The Structure, Genre, and Meaning of Psalm 129

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Psalm 129 depicts the distress of the people in exile. The common understanding is that vv. 6-8 is a lament for the downfall of its present adversaries. This article proves that this is not the meaning of the second half of the Psalm. It contains no appeal to God for salvation or thanksgiving for an ameliorated situation. Verses 6-8 depict the transience of the peoples exilic existence. The psalmist likens the people to the roof-top grass that withers rapidly. The rooftop grass evokes the poverty and the landlessness of the people that compel them to utilize their rooftops to grow crops that yield so little that there is almost nothing to harvest. This situation stands in contrast to the divine blessing of the agriculture in the Land of Israel. The psalmist’s objective is to convey the harsh reality of the exile. He juxtaposes this situation against the much awaited future and against the abundant Divine blessing of the past.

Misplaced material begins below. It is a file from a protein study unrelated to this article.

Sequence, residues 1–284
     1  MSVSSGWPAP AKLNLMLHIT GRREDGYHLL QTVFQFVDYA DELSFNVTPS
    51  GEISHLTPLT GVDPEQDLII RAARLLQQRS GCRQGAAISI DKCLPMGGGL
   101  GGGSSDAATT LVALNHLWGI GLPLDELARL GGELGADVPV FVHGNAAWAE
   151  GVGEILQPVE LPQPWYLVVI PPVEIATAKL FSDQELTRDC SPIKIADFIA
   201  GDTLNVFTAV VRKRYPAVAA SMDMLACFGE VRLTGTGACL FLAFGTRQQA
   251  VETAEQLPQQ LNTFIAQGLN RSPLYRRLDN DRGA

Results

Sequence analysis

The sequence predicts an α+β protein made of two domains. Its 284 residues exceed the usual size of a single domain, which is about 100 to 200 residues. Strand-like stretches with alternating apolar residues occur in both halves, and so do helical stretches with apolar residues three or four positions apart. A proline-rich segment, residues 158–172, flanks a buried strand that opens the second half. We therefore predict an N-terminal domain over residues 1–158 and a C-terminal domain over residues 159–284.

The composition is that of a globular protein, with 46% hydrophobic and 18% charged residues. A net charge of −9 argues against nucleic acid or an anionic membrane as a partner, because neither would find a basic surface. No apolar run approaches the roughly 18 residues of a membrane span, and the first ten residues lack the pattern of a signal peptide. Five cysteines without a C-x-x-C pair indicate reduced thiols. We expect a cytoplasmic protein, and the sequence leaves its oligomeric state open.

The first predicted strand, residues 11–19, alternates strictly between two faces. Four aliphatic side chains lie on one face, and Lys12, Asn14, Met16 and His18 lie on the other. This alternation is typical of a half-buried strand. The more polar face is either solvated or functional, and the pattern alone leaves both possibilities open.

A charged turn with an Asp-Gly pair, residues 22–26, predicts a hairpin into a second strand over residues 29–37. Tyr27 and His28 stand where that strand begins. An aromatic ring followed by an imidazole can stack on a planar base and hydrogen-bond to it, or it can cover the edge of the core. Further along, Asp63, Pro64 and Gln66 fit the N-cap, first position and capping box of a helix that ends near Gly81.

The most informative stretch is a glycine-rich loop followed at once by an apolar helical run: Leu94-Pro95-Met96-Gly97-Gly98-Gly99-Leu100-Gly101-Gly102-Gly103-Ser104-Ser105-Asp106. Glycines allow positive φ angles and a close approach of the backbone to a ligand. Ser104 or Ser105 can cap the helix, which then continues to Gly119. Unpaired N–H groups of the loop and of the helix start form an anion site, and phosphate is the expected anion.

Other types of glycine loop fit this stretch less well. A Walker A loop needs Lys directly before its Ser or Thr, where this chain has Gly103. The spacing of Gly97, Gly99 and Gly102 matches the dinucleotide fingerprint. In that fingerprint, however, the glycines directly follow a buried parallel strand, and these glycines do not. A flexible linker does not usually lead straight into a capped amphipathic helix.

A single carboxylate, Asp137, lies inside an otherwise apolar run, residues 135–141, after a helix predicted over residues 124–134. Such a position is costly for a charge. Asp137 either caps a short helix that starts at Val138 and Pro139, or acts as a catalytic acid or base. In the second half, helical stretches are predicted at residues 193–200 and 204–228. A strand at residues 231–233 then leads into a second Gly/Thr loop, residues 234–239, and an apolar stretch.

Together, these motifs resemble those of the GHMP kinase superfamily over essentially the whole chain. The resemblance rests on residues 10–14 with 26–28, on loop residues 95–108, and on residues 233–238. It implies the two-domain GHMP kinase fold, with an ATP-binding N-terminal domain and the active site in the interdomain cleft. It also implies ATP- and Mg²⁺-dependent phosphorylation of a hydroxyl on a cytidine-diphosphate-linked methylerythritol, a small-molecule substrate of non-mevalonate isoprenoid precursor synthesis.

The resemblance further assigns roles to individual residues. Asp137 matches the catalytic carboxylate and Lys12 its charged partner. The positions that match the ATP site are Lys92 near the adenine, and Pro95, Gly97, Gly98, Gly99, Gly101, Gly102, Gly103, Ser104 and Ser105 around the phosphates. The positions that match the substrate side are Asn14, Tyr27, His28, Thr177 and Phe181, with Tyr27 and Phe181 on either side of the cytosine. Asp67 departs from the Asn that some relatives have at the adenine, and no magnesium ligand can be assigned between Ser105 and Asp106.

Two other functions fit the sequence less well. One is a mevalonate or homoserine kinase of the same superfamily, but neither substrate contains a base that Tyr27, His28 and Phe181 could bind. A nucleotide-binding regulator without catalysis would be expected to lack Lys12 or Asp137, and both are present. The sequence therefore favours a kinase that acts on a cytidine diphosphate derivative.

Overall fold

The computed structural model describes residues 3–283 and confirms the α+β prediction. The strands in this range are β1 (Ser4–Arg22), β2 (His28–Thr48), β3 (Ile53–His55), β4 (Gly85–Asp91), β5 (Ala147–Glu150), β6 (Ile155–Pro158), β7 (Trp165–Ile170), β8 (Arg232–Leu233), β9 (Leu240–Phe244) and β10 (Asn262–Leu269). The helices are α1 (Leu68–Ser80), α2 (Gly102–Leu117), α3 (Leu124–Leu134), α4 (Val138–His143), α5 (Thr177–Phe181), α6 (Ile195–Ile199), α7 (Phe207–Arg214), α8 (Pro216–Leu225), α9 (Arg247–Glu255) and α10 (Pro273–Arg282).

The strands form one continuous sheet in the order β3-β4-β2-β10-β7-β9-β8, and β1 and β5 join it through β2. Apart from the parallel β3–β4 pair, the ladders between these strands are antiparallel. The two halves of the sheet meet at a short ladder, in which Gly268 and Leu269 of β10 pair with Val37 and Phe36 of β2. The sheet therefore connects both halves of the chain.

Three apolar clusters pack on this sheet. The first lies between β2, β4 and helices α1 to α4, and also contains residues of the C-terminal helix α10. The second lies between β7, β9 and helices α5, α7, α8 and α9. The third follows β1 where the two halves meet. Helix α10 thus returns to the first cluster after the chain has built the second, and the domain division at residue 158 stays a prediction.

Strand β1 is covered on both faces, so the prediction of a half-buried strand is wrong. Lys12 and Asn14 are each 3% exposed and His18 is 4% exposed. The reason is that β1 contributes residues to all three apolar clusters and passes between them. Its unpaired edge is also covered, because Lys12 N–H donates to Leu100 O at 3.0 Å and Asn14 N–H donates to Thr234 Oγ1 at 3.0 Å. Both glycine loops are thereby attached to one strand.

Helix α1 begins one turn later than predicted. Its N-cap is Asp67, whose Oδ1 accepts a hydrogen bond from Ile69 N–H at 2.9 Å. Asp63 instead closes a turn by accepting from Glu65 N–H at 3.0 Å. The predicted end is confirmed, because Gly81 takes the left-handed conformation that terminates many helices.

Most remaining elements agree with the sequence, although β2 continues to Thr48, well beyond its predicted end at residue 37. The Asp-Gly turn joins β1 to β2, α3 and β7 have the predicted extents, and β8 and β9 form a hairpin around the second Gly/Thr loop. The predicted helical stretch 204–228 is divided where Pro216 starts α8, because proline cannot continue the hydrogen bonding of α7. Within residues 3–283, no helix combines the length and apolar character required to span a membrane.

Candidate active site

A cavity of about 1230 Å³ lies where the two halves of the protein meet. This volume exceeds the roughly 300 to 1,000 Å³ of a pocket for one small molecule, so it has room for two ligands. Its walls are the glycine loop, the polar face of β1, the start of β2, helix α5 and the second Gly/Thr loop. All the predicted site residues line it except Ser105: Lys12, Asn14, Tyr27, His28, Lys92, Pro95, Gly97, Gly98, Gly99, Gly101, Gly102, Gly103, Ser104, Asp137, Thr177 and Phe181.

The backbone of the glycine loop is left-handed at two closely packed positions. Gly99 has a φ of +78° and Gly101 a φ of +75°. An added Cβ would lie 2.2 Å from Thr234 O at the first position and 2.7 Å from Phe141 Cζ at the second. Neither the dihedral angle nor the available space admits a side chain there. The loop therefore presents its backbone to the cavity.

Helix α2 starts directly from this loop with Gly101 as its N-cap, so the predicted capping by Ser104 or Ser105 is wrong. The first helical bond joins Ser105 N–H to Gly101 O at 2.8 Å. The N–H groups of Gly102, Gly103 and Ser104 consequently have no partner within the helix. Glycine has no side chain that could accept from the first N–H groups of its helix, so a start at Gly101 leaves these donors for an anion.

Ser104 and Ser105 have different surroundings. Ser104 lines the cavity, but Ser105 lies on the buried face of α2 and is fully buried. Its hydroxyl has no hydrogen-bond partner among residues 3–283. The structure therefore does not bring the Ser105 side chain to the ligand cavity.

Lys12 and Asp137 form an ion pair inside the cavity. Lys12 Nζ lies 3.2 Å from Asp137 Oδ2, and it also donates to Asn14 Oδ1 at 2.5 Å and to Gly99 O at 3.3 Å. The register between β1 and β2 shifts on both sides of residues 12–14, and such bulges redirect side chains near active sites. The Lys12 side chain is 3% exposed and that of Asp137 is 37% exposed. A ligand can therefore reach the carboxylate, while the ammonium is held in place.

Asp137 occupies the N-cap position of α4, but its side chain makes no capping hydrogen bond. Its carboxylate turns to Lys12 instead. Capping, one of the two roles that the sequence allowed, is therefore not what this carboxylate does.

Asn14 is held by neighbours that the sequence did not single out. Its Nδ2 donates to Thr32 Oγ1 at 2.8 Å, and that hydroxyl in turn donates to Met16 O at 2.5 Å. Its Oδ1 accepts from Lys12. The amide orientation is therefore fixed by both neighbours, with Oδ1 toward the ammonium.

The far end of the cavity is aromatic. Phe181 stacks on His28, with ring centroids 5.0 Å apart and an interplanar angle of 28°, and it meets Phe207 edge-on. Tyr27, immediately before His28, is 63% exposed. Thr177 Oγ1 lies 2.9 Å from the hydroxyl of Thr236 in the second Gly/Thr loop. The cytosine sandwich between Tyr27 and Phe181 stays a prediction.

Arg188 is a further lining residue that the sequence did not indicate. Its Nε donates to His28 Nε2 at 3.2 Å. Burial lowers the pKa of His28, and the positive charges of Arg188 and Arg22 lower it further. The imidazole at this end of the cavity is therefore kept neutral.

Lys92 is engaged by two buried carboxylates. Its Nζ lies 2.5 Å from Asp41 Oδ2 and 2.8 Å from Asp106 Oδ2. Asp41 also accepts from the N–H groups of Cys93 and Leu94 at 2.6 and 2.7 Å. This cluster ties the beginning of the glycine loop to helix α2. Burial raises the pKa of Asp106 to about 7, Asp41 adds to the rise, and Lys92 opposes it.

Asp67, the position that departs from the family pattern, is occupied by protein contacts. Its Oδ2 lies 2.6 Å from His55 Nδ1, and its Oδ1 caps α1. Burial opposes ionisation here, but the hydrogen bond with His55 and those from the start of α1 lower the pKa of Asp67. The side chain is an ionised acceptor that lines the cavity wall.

Original languageEnglish
Pages (from-to)142-154
Number of pages13
JournalScandinavian Journal of the Old Testament
Issue number1
StatePublished - 2 Jan 2017

Bibliographical note

Publisher Copyright:
© 2017 The Editors of the Scandinavian Journal of the Old Testament.


  • agriculture
  • divine blessing
  • exile
  • retribution
  • rooftop grass
  • structure


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